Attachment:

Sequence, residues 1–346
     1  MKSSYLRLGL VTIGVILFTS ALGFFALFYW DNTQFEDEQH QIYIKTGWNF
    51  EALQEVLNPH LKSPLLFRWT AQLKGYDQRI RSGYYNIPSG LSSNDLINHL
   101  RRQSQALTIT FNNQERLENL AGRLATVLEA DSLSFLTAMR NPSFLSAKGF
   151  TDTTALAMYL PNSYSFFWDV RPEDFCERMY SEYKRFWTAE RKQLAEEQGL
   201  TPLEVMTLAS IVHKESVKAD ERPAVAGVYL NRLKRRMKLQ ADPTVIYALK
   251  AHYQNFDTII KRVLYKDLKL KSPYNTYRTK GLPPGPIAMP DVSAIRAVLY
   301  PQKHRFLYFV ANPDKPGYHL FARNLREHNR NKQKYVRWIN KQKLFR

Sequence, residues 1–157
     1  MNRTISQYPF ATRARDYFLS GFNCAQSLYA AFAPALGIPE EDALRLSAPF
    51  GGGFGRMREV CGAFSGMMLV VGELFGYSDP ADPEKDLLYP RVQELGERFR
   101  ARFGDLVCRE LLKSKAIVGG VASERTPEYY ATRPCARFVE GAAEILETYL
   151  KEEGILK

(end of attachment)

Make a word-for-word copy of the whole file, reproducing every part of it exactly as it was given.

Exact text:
Sequence, residues 1–346
     1  MKSSYLRLGL VTIGVILFTS ALGFFALFYW DNTQFEDEQH QIYIKTGWNF
    51  EALQEVLNPH LKSPLLFRWT AQLKGYDQRI RSGYYNIPSG LSSNDLINHL
   101  RRQSQALTIT FNNQERLENL AGRLATVLEA DSLSFLTAMR NPSFLSAKGF
   151  TDTTALAMYL PNSYSFFWDV RPEDFCERMY SEYKRFWTAE RKQLAEEQGL
   201  TPLEVMTLAS IVHKESVKAD ERPAVAGVYL NRLKRRMKLQ ADPTVIYALK
   251  AHYQNFDTII KRVLYKDLKL KSPYNTYRTK GLPPGPIAMP DVSAIRAVLY
   301  PQKHRFLYFV ANPDKPGYHL FARNLREHNR NKQKYVRWIN KQKLFR

Sequence, residues 1–157
     1  MNRTISQYPF ATRARDYFLS GFNCAQSLYA AFAPALGIPE EDALRLSAPF
    51  GGGFGRMREV CGAFSGMMLV VGELFGYSDP ADPEKDLLYP RVQELGERFR
   101  ARFGDLVCRE LLKSKAIVGG VASERTPEYY ATRPCARFVE GAAEILETYL
   151  KEEGILK